Joysetta attended a lecture by historian James A. Rose at Hofstra University in 1986. Rose is known in genealogical circles as "Dr. Roots" because of the many genealogy books he has written and for the help he provided author Alex Haley on the "Kinte Library Project," the forerunner of Haley's novel "Roots: The Saga of an American Family" that was published in 1976 and became a prizewinning television miniseries.

She left so excited that she launched a search for documentation about where Julius' family members had lived, their livelihoods and who was still alive.

It didn't go well. "I didn't find anything," she said.

The couple was searching for information on a long-dead relative by the name of Harm. When they couldn't find anything, they called Julius' mom again. "She told us 'His name's not Harm, it's Hiram!' There's that North Carolina accent for you."

Their efforts paid off when they sought Rose's help: Joysetta was able to find out about the background of her comedian father as well as her jazz singer mother. The effort led to the discovery of two recordings by her grandmother, an early photo of her on the cover of the Black Swan Records catalog and information about her singing career in Europe. They also were able to trace Joysetta's grandmother's ancestry to the 1840 Census and a woman who had escaped from slavery in Virginia and settled in New York.

The couple, who owned a private investigation business, got more involved with genealogy when Rose moved away and turned over his caseload of paid searches.

Joysetta has since become a certified genealogist through the Board of Certification of Genealogists in Washington, D.C. In addition to volunteering their time to help others trace their roots, they have a business that charges a fee, typically $50 per hour, for searches related to legal issues such as wills and contested family trees.

They didn't have many takers when they started offering free help at the library once a month. "After awhile, Julius complained that he didn't want to go anymore, so we started taking turns," Joysetta says. "Then one day, I was listening to the radio, and this female deejay asked about whether blacks could trace genealogy before slavery, and I called up and said that you could.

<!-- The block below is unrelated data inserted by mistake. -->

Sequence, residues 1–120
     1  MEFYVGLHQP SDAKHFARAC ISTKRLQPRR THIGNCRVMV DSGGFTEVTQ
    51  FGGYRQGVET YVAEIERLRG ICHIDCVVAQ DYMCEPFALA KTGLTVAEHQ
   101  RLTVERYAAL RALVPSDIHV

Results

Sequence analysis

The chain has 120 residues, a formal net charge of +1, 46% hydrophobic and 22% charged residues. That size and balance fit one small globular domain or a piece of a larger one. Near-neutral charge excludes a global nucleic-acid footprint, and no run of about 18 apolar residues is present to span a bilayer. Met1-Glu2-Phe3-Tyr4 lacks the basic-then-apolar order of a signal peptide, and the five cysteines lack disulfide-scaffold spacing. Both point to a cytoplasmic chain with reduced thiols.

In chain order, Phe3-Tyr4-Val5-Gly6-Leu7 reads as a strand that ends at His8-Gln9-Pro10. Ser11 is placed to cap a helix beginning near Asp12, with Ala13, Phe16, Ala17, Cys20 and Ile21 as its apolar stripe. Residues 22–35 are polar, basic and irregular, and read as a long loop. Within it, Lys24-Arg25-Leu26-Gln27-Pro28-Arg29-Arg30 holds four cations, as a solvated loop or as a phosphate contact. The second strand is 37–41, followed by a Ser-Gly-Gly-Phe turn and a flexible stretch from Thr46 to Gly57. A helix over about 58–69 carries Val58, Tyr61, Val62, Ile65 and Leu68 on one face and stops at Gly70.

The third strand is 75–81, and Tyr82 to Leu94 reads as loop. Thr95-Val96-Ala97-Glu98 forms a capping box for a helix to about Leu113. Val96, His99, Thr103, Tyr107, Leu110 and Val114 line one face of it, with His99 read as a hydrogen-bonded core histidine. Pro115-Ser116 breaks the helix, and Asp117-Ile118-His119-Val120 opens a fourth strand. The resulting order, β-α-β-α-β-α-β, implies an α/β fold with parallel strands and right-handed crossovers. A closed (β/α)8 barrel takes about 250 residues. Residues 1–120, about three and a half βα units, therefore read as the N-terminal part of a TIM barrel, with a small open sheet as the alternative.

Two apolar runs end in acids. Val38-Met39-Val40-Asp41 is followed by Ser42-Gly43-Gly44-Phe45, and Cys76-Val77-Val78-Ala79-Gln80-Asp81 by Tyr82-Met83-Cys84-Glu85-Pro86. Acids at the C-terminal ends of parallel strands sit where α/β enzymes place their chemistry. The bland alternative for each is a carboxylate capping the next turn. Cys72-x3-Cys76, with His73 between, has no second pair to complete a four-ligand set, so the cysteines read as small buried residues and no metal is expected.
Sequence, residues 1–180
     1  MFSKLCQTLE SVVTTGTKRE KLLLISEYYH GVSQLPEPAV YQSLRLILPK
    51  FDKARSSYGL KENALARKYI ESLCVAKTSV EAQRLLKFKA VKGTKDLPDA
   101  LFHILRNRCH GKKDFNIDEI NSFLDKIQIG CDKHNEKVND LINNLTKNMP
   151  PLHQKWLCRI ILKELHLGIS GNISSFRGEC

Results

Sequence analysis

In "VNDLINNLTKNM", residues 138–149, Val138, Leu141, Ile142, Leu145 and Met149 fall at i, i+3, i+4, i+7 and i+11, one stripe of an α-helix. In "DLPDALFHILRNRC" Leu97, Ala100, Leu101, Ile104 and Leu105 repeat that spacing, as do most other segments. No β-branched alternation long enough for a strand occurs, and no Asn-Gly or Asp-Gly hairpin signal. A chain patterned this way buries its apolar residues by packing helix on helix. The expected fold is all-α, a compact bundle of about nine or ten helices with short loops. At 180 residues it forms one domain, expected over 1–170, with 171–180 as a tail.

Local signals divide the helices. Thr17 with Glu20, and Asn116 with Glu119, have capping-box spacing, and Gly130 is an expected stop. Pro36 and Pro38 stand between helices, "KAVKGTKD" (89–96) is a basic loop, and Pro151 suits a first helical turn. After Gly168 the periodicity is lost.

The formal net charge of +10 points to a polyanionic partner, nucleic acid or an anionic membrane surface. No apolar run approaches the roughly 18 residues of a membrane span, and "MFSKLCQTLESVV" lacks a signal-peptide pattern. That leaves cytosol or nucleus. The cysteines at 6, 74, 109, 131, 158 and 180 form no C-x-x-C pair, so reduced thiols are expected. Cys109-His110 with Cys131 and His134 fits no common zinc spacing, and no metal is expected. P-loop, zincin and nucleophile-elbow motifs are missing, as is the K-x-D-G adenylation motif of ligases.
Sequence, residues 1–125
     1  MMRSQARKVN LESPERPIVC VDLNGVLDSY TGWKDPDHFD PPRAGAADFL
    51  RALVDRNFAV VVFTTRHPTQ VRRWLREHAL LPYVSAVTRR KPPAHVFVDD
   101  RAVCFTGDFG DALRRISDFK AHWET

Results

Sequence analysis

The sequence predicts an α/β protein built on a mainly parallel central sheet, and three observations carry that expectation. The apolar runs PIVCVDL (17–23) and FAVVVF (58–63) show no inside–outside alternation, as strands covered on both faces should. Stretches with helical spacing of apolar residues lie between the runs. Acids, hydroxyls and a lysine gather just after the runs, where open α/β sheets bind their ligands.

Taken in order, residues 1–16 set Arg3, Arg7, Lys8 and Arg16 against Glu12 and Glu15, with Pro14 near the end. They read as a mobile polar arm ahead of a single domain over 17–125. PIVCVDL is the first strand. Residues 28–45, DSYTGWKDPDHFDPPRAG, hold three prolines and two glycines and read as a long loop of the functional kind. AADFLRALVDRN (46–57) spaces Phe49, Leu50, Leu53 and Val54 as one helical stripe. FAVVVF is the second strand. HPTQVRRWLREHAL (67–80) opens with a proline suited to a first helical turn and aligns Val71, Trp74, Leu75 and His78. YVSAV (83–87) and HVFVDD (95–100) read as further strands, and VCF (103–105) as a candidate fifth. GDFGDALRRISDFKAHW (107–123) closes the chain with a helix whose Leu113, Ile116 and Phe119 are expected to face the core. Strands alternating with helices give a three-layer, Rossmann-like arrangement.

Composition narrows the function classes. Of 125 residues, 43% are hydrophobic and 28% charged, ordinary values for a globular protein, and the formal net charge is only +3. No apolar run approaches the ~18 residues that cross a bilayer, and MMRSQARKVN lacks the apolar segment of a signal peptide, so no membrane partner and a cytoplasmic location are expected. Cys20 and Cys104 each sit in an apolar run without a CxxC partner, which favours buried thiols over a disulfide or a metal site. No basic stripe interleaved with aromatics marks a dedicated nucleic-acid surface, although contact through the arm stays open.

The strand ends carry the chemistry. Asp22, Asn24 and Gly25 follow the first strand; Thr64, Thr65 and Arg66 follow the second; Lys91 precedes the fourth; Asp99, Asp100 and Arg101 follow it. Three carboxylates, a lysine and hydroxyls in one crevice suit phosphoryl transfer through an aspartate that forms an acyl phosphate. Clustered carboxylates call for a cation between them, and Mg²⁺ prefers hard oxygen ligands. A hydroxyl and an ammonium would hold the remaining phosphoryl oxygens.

"I explained that there are doctor's records where slaves were treated, bills of sale and other documents," Joysetta explained. "You just have to dig around. She then had me come on for an hour to talk about genealogy."

And interest in their work took off.

Lillian Dent, co-owner of LL Dent Restaurant in Carle Place, last year turned to the couple to fill out her family tree. "We didn't know anything about my father's family," says Dent, who declined to give her age. "My father was raised by a great-aunt, and we didn't know much about his life."

She said they found "his Social Security application that told who his parents were and even found out how old he was when he moved in with the great-aunt. We found out that his mother died in childbirth, and that's why the aunt took him to live with her . . . It is amazing what they can find out. A friend of mine found out who his [birth] father was."

While the couple can help individuals learn about their heritage, they don't want to stop there: Their goal is to set others on independent paths, to teach them how to discover their ancestry on their own.